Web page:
Physicists Say The Great Pyramid is a Concentrator of Electromagnetic Energy
A towering skyscraper of stone built without computers or complex machinery, the Great Pyramid in Egypt has fascinated historians and archeologists for centuries.
A team of German and Russian physicists studying the properties of the Great Pyramid, also known as the Khufu Pyramid, have found that it can concentrate electromagnetic energy inside its hidden chambers and focus the electromagnetic waves into the substrate region, according to a study published in the latest issue of the Journal of Applied Physics.
Built on the plateau of Giza in the third millennium BC by Pharaoh Khufu, the 138.8-meter (455-foot) high Great Pyramid is one of the biggest and tallest structures ever built by man.
Over the past two centuries, scientists have discovered three chambers inside the Great Pyramid with one believed to hold the mummified remains of Pharaoh Khufu himself, another – that of his wife and one thought to be a trap for tomb raiders.
Found inside the corridors leading to the King’s Chamber were strange looking canals and structures considered by modern-day scientists to be elements of an ancient “security system” guarding the Pharaoh against desecrators.
According to Andrei Yevlyukhin, an ITMO University research coordinator in St. Petersburg, the Khufu Pyramid and its “cousins” are often attributed all kinds of “magical” properties, including ability to “concentrate cosmic energy” and other unscientific phenomena.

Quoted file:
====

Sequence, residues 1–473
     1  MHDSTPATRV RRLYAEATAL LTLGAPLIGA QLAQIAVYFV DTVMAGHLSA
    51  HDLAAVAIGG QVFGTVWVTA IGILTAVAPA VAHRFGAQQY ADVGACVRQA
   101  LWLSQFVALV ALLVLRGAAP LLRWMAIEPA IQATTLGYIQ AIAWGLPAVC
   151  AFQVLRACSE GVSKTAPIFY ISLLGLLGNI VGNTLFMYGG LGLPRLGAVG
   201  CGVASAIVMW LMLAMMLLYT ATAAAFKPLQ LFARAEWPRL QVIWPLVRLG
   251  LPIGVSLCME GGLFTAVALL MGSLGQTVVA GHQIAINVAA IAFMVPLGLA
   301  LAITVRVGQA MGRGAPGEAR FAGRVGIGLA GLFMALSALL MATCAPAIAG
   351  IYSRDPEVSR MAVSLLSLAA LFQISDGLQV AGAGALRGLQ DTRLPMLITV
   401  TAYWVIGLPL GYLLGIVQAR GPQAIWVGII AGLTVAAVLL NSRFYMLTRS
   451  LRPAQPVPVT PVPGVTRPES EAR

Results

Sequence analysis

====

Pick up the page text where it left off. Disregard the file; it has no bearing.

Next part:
It wasn’t until a few years ago, however, that scientists started examining the pyramid’s real physical properties looking for previously undiscovered chambers with the help of muon scanners.
Scientists surmised that the Great Pyramid, just like many other man-made objects, could act as a resonator focusing and amplifying waves commensurate with the size of the objects themselves.
In this particular case the researchers were examining waves within the 200-600 meter (656-1,968 feet) range – the wavelength many amateur radio stations work on.
Creating a computer model of the Great Pyramid, the scientists bombarded it with radio waves to see how they would interact with the pyramid as a whole and its elements.
As these calculations have shown, the pyramid will indeed interact with the “amateur” radio waves, accumulating their energy inside the King’s Chamber redirecting it to the substrate region where the third chamber is located.
Most of all, it will affect the waves with a length of 333 meters (1,092 feet) and 230 meters (754 feet).
According to the authors, the Great Pyramid and its “brethren” can interact even more strongly with other types of waves, but this remains to be verified.
In addition, the secrets of its structure can be used to create nanoparticles that focus light, not radio waves, which will help in creating light computers and other “gadgets of the future.”